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Radiators

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Mpj
Mpj Member Posts: 109
Hello All,

I am removing a steam boiler and installing a new Alpine hot water boiler in its place. I am converting the existing steam radiators from single pipe to two pipe hot water, running PEX back to the boiler room and connecting to a manifold.

The existing radiators are tube and column type (the sections are connected together). My question is can I use the taps on one side top and bottom to connect to my new piping or do I need to install the pipes on opposite sides?

I ask this because some radiators are close to the walls and I can not get to the other side to connect. Any advise would be great.

Thanks

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  • Brad White
    Brad White Member Posts: 2,398
    edited October 2010
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    Firstly

    can we presume that you have insulated and sealed your house fairly well? That is often and usually but not absolutely the difference between a steam radiator output and the same with hot water, about 35-40% heat loss reduction. Also that your boiler size and re-use of radiators is founded in a calculated heat loss? A good place to start and I imagine you have crossed that off your list already.



    That said, there are fittings and valves made for use with PEX and other tubing that will even allow a single bottom bung to be used to feed a radiator. These work best with constant circulation and in fact, constant circulation works pretty well regardless.



    These valves have a supply-side injection nozzle which extends into the radiator some distance, away from the influence of the return suction. This enables the water to start internally circulating and gives fairly even radiator surface temperatures.



    (If you are an endoscopist, you will understand this principle well. If you are over 50 years of age with a reasonable medical plan, you will understand this almost as well. :)



    Stepping back from that, I have piped CI radiators across the bottom, in the bottom/out the top and in the top/out the bottom. Every which way except across the top. If there was a difference, it was absorbed in the margin between my heat loss calculations and the actual radiator output. In other words, I could not tell the difference and probably neither could you.



    My own house has a (formerly) gravity HW system with piping in the top and out the bottom on the same side on at least three of them on the second floor and the first floor has them all across the bottom to give an idea of what is said to work..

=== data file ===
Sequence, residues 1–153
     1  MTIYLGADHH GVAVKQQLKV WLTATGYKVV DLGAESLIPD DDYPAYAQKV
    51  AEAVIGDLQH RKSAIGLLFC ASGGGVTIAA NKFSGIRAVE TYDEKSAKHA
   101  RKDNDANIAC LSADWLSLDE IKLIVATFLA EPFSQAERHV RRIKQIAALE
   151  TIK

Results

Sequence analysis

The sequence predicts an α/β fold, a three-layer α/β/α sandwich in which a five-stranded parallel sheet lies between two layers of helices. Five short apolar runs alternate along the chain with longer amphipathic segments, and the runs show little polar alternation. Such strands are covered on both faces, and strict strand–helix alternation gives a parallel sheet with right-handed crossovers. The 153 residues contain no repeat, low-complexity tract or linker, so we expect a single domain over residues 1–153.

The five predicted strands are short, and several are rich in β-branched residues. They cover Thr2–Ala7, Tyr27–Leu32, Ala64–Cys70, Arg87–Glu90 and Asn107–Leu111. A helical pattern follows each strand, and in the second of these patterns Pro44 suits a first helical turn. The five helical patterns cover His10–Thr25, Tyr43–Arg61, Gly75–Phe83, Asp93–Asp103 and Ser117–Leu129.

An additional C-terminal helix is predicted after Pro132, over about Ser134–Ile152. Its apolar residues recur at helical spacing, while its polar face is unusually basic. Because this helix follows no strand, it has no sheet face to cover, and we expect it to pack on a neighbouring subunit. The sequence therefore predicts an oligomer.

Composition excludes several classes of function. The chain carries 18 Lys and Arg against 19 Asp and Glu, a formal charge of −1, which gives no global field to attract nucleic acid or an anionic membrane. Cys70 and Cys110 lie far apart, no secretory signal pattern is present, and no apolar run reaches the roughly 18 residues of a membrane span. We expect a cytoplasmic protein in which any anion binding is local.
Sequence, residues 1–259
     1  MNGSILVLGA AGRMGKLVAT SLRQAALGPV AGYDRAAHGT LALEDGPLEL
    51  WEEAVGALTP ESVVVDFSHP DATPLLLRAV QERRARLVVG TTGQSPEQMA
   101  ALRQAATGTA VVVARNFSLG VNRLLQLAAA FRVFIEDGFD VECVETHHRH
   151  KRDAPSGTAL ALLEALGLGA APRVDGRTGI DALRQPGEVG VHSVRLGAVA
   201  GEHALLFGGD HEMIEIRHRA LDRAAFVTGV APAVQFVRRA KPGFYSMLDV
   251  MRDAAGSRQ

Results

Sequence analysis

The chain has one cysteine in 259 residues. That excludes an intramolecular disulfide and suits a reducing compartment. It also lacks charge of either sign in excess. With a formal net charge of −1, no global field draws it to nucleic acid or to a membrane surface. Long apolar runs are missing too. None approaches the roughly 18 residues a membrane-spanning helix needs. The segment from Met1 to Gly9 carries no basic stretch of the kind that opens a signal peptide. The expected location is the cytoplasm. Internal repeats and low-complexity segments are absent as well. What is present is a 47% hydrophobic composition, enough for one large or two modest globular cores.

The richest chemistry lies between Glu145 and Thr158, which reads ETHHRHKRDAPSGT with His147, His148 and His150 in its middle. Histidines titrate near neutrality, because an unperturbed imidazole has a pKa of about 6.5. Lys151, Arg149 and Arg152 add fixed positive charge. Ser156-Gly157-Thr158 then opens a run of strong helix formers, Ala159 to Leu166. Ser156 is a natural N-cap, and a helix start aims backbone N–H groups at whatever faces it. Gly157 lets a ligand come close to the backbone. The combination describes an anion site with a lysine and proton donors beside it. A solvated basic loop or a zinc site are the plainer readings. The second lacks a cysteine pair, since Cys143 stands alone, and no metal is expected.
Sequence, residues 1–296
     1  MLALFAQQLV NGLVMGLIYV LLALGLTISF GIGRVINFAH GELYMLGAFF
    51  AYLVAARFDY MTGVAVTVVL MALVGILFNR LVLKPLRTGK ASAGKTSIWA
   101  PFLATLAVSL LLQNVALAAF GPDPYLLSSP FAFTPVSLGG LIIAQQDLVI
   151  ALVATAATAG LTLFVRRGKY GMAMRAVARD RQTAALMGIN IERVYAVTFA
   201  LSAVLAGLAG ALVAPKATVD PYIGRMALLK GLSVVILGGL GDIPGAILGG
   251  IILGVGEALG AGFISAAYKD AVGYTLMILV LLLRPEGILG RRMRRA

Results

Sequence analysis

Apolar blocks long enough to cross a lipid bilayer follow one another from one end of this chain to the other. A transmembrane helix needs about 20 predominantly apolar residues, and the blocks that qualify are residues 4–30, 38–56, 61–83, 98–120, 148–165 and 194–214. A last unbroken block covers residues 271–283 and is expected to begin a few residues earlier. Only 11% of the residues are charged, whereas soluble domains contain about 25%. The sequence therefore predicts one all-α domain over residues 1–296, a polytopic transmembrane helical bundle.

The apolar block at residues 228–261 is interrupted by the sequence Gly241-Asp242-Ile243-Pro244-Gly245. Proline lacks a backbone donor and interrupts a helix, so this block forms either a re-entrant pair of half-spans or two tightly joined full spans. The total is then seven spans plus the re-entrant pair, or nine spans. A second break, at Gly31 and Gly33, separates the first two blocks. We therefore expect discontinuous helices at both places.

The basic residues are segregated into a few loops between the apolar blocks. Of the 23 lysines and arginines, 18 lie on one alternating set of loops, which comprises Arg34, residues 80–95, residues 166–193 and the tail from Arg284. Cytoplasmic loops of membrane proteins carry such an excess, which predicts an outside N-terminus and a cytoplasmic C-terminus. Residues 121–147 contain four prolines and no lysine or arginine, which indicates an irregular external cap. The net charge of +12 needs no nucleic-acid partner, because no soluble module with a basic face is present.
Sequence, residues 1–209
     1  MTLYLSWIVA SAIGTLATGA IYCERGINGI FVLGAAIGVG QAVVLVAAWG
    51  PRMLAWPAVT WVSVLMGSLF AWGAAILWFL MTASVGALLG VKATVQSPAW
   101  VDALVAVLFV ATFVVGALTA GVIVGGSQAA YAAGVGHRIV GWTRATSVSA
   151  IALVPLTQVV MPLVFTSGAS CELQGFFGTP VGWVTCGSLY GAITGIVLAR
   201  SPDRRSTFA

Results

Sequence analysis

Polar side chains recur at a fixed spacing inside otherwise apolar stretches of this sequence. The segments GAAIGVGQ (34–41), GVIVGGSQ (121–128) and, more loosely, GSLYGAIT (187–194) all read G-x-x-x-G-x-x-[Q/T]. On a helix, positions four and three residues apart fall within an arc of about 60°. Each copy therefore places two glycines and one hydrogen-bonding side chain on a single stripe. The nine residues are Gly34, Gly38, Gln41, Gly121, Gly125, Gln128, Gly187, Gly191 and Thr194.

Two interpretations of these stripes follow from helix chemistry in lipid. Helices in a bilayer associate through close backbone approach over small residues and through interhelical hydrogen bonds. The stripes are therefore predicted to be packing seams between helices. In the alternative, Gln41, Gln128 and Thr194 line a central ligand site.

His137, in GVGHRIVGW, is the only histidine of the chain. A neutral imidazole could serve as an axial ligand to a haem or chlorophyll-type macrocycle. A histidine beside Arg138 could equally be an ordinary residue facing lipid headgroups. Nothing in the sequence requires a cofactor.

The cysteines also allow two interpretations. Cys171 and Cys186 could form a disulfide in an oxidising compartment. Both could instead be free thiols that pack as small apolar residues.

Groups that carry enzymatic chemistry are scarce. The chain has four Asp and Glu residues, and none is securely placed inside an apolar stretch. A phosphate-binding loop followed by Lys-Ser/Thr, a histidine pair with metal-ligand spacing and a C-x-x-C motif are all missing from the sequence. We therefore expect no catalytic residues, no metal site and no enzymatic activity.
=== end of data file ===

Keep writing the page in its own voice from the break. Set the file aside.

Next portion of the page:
This will be our first winter, but the house is 97 years old so if there are any complaints, most of them are dead now.  We shall see, but if experience dictates, it should work just fine.
    "If you do not know the answer, say, "I do not know the answer", and you will be correct!"



    -Ernie White, my Dad
  • Rod
    Rod Posts: 2,067
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    Endoscope for Radiators

    Hi Mpj- Here's a link that may be of help to you.

               http://www.hydronicalternatives.com/Steam-to-hot-water-conversion-valve.pdf

               - Rod



    Brad- It's great to have you back! I really missed your humor and knowledge!

    "Endoscopist"....."Lady Gaga" ....."Heinz Guderian".....ROFLOL!
  • Brad White
    Brad White Member Posts: 2,398
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    That is the Valve, Rod!

    Hey Rod, thanks for finding that H-A brochure and posting it! I was trying to remember what brand I had seen. 



    Thanks for the kind words and encouragement.



    BTW, you know the medical definition of an endoscope, don't you?
    "If you do not know the answer, say, "I do not know the answer", and you will be correct!"



    -Ernie White, my Dad
  • Ironman
    Ironman Member Posts: 7,379
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    Make Sure

    You use Oxygen barrier PEX. This should go without being said, but many DIYs don't always know there's a difference.
    Bob Boan
    You can choose to do what you want, but you cannot choose the consequences.
  • Rod
    Rod Posts: 2,067
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    ?

    Brad-  I'm afraid to ask! 
  • Mpj
    Mpj Member Posts: 109
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    radiators

    Thanks for all your input. Hopefully it will all work out fine.
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